Though Sherlock Holmes was by a large margin the most successful fictional creation of Arthur Conan Doyle, he was keen to write of other characters. Popular demand meant the death of Sherlock Holmes in 1893 turned out not to be death after all, but in the Holmes-free years immediately after 1893 Conan Doyle created a new character – the Napoleonic French cavalry officer, Brigadier Etienne Gerard.
Gerard is both lovable and ridiculous. He is hugely full of his own self-importance, despite his apparent modesty at times. A smattering of knowledge of the Napoleonic Wars will help the reader identify the far from modest comparisons Gerard makes between himself and major military figures of the era.
Unlike Holmes, Gerard frequently fails in his tasks which are the sort of escapades typical of classic Boy’s Own adventures (think “swashbuckling”, “heroic” and “dastardly”) – and indeed the female characters are either weak and incidental or cunningly manipulative.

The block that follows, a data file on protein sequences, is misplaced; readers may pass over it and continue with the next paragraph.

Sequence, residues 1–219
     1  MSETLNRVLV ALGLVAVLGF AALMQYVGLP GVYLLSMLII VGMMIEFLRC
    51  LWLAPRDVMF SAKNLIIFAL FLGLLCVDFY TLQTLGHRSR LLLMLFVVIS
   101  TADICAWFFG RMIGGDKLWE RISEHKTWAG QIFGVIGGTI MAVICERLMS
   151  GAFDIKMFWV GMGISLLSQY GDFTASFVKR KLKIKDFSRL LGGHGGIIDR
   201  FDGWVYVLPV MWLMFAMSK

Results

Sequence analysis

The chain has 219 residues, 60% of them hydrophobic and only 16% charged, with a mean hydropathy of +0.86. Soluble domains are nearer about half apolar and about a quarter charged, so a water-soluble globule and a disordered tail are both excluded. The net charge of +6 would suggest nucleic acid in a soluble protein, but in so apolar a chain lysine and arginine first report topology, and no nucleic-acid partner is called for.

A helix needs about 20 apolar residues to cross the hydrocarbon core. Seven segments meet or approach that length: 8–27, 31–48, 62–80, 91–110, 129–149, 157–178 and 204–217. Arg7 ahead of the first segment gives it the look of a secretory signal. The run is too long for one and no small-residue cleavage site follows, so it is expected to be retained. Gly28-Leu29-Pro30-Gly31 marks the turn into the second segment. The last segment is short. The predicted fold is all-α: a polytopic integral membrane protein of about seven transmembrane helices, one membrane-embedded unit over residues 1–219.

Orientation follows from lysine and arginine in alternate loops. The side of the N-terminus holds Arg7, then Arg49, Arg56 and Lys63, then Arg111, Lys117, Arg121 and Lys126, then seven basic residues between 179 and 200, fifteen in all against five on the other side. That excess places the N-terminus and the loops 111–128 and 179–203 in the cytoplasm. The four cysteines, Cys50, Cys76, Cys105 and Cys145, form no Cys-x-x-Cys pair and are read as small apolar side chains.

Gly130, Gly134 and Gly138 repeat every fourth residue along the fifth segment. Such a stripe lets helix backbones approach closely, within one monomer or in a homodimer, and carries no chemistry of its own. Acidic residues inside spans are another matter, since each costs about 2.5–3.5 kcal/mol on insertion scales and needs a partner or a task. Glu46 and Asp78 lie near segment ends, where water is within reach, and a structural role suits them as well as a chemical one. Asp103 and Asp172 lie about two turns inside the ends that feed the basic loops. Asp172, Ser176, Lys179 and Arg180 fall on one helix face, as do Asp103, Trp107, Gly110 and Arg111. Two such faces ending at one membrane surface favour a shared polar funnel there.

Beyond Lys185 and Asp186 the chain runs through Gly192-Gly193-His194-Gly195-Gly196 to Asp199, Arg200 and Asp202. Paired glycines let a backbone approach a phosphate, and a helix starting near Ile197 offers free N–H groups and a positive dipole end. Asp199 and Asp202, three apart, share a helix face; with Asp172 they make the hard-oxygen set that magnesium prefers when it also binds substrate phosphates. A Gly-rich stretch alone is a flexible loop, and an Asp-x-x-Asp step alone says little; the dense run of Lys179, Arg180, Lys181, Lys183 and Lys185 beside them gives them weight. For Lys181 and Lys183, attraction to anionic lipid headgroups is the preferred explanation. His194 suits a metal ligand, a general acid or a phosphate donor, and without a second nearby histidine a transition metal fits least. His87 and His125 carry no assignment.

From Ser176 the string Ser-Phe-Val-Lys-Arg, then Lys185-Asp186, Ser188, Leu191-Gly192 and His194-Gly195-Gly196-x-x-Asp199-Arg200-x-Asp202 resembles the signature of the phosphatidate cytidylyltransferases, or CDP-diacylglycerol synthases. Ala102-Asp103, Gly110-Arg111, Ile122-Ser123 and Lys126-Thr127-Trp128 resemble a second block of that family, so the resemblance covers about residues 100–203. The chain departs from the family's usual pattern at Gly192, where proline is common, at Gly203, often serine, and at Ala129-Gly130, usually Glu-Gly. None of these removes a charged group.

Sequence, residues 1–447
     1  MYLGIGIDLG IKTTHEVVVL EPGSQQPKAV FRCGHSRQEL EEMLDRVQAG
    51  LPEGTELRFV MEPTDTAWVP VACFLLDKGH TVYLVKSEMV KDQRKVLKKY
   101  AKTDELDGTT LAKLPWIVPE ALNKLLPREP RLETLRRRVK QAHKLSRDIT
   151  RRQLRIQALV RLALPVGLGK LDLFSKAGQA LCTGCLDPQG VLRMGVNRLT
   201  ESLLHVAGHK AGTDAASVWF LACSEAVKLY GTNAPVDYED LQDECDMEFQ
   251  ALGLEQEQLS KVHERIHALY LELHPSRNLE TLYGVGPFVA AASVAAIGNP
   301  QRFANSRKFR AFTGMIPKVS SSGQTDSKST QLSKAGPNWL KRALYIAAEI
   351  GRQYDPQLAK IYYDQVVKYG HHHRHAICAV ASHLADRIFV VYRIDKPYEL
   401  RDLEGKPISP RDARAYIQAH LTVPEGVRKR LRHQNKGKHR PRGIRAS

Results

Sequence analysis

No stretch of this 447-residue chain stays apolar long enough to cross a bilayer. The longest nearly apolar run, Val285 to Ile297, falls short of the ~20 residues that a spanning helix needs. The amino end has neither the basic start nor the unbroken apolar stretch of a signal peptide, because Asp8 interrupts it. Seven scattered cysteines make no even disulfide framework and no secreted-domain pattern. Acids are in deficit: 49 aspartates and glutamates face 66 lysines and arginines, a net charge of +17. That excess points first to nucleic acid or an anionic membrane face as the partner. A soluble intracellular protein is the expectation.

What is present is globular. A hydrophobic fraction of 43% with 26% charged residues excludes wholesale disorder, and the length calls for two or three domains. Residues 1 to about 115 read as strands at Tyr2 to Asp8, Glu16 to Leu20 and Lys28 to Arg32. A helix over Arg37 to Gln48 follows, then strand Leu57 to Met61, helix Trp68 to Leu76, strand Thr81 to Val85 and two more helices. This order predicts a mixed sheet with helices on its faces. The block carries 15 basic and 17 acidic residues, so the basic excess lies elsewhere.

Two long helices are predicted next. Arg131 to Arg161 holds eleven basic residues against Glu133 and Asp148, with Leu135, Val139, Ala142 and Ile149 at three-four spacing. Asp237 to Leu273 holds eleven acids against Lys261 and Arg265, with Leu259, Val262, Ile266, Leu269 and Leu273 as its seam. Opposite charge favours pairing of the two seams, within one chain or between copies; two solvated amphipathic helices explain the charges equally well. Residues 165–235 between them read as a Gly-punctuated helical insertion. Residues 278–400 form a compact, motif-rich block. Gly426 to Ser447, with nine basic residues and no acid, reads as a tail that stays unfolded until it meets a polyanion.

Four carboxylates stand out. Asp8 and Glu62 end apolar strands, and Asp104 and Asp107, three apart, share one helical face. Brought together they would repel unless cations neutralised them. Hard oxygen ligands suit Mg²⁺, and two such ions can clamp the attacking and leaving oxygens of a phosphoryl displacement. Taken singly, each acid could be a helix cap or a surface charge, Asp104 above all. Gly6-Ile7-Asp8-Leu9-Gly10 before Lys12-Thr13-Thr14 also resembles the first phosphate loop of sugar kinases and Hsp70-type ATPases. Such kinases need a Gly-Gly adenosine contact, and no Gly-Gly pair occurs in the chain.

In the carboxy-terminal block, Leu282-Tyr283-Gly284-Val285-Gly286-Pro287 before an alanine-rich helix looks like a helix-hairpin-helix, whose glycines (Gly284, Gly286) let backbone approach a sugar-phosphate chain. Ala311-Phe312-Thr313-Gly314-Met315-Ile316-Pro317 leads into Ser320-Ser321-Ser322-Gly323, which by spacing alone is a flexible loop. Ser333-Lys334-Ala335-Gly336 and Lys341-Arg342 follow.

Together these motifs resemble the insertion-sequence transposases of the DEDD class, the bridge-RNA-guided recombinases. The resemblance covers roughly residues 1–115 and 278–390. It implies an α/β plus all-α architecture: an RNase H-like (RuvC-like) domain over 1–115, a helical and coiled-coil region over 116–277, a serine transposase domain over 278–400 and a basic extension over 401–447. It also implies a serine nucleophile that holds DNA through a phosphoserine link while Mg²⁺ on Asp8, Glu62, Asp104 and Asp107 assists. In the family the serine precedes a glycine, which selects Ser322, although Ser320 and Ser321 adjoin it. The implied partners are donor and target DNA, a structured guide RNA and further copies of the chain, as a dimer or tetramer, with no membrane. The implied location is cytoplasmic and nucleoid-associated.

The military setting makes the stories a gentle version of Good Soldier Svejk meets Biggles, though without the latter’s derogatory attitudes towards the non-English. In fact, both praise and mockery is meted out to the English, French and other nationalities. Gerard may be laughable, but he is also brave, well-intentioned and not xenophobic.
Conan Doyle’s plots for Brigadier Gerard have some twists, many of which however revolve around Gerard not being aware of how others are manipulating him – and therefore the twists are not hard for an experienced reader of such stories to spot. Even so, the they make for an enjoyable canter and the character was sufficiently successful at the time for George Bernard Shaw to have deliberately copied and caricatured him in the form of Mendoza in Man and Superman.
Reading these stories is light, enjoyable fun – and so they are a good choice as long as you are not looking for fiction that is of a serious intent.
One tip if you are going to get the works as audio books – the RNIB has produced an audio recording which, although at times noticeably of a lower technical quality that many audio books, is still perfectly enjoyable and is much cheaper than usual audio books.
If you like this, you might also be interested in The Mystery of a Hansom Cab.
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Buy The Complete Brigadier Gerard Stories by Arthur Conan Doyle here. This one book contains both volumes of Brigadier Gerard short stories.